Loss of Functional SCO2 Attenuates Oxidative Stress in Diabetic Kidney Disease
figureposted on 26.10.2021, 16:09 by Nehaben A. Gujarati, Alexandra R. Leonardo, Jessica M. Vasquez, Yiqing Guo, Bismark O. Frimpong, Elbek Fozilov, Monica P. Revelo, Ilse S. Daehn, John C. He, Daniel Bogenhagen, Sandeep K. Mallipattu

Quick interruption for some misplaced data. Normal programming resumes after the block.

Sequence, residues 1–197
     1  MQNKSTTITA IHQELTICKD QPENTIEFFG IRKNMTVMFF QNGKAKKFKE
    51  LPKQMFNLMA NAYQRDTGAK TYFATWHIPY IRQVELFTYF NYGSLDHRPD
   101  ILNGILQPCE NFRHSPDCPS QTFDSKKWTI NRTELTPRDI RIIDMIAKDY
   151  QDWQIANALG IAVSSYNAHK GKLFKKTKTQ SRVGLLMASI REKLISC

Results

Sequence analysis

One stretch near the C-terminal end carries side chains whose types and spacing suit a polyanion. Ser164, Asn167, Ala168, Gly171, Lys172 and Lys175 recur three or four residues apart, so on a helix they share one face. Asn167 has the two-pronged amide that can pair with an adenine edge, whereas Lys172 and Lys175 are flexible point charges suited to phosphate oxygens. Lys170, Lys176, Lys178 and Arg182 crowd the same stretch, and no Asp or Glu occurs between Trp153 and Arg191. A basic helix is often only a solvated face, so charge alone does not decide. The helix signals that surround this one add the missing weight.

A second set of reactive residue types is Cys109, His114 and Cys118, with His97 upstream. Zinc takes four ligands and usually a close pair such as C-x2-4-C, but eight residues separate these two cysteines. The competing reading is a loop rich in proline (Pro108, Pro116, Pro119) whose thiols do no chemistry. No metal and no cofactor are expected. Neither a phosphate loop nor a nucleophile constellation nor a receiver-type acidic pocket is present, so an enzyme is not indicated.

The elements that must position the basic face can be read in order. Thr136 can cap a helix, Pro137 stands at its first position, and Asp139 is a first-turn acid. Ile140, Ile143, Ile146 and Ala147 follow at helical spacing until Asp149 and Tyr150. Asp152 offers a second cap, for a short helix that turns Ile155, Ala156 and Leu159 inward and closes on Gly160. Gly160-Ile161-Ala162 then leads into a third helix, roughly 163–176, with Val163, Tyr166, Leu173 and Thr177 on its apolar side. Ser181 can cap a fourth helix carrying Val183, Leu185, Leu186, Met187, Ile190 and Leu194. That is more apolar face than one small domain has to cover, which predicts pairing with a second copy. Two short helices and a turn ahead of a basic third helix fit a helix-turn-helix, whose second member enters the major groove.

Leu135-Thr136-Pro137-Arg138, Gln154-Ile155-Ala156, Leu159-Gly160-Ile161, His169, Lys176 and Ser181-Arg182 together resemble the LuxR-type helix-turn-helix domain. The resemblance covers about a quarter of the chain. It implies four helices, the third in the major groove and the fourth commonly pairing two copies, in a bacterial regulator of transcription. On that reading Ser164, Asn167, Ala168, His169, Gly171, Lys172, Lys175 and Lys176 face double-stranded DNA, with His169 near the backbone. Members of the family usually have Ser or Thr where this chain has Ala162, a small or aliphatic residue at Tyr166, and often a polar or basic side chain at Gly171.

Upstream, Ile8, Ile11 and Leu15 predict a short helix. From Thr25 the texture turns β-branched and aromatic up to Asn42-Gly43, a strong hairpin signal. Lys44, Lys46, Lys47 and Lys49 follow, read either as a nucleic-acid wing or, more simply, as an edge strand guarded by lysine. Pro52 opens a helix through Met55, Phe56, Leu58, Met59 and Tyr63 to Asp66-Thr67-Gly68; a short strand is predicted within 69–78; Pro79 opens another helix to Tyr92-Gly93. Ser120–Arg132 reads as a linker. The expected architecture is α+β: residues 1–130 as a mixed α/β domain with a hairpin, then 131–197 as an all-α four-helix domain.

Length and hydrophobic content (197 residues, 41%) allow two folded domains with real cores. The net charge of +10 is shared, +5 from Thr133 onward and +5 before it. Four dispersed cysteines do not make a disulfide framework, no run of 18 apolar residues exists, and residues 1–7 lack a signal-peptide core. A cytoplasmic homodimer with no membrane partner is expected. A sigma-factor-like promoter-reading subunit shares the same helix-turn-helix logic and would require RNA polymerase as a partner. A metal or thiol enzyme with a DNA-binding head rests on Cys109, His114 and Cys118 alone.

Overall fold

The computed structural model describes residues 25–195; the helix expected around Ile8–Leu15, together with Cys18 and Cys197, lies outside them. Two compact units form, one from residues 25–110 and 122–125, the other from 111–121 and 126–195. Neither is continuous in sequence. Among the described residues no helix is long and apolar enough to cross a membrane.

Increased oxidative stress in glomerular endothelial cells (GEnCs) contributes to early diabetic kidney disease (DKD). While mitochondrial respiratory complex IV activity is reduced in DKD, it remains unclear whether this is a driver or a consequence of oxidative stress in GEnCs. Synthesis of cytochrome C oxidase 2 (SCO2), a key metallochaperone in the electron transport chain, is critical to the biogenesis and assembly of subunits required for functional respiratory complex IV activity. Here, we investigated the effects of Sco2 hypomorphs (Sco2KO/KI, Sco2KI/KI), with a functional loss of SCO2, in the progression of DKD using a murine model of Type II Diabetes Mellitus, db/db mice. Diabetic Sco2KO/KI and Sco2KI/KI hypomorphs exhibited a reduction in complex IV activity, but an improvement in albuminuria, serum creatinine, and histomorphometric evidence of early DKD as compared to db/db mice. Single-nucleus RNA sequencing with gene set enrichment analysis of differentially expressed genes in the endothelial cluster of Sco2KO/KI;db/db mice demonstrated an increase in genes involved in VEGF-VEGFR2 signaling and reduced oxidative stress as compared to db/db mice. These data suggest that reduced complex IV activity due to a loss of functional SCO2 might be protective in GEnCs in early DKD.